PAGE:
He said he thinks that some of the hundreds of billions in military spending each year should go to social programs instead.

Jeff Brummer, a member of Veterans for Peace, traveled from Boston for the June 23 rally in Washington.
Teke Wiggin
Jeff Brummer, a member of Veterans for Peace, traveled from Boston for the June 23 rally in Washington.

Schiller wondered if the campaign’s focus on many different issues might have diluted its short-term impact. But the strategy succeeded in cementing a wide-ranging network of activist groups that can build power for the poor, many participants said.

In Arkansas the initiative fostered ties between Christian, Buddhist, Muslim and Jewish leaders, as well as immigrant rights and criminal justice groups, said Solomon Burchfield, who helps head the Arkansas chapter of the campaign.

He was arrested while occupying the Arkansas Supreme Court to protest voter ID laws that disproportionately affect people of color, he said.

“I work at a homeless center, and I know hundreds of people who are American citizens,” he said. “They should be able to vote, but they don’t have IDs.”

While Burchfield considers the six weeks of protests a success, he wishes the initiative had received more media coverage. News outlets, he said, prioritize White House “sex scandals, firings and tweets” over issues such as poverty, war and well-being.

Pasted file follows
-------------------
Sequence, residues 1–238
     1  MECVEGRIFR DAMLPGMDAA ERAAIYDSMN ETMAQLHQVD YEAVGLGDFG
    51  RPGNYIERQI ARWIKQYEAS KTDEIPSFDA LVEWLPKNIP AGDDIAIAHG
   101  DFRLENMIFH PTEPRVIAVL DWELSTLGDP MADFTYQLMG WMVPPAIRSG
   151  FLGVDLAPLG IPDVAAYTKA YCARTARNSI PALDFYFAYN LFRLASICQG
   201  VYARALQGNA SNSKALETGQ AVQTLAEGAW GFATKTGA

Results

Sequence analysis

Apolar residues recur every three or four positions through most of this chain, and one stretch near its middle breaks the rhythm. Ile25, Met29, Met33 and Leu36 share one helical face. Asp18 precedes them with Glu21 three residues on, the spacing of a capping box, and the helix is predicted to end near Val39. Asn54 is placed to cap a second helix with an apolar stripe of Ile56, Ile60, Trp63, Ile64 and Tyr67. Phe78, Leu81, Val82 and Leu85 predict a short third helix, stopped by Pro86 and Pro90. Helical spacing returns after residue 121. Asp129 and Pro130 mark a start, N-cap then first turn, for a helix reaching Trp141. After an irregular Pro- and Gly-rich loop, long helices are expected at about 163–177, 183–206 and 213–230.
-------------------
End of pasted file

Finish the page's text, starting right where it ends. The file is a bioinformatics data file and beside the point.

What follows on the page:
The Poor People’s Campaign rally in Washington, June 23.
Teke Wiggin
The Poor People’s Campaign rally in Washington, June 23.

Nonetheless, the movement has called attention to the plight of poor people, said Gordon Mantler, the author of Power to the Poor: Black-Brown Coalition and the Fight for Economic Justice, 1960–1974. But he added that it is unclear whether this will translate into policy change.  

Some lawmakers offered a ray of hope by listening to the stories of campaign participants in a congressional hearing last week, including testimony from an Alabama woman who lives in a mobile home with two kids and sewage in her yard.

The question that looms after Saturday’s demonstration is, “What do people do when they go back to their home communities?” Mantler said.

The campaign’s next goal is to launch a voter engagement initiative that will encourage low-income people to “put an end to the policy violence that is keeping them locked in poverty,” the Poor People’s Campaign said in a press release.

“We got the plan. We got a structure. We got to teach America,” Barber told demonstrators shortly before the march. “This is just the launch, but it’s not the end.”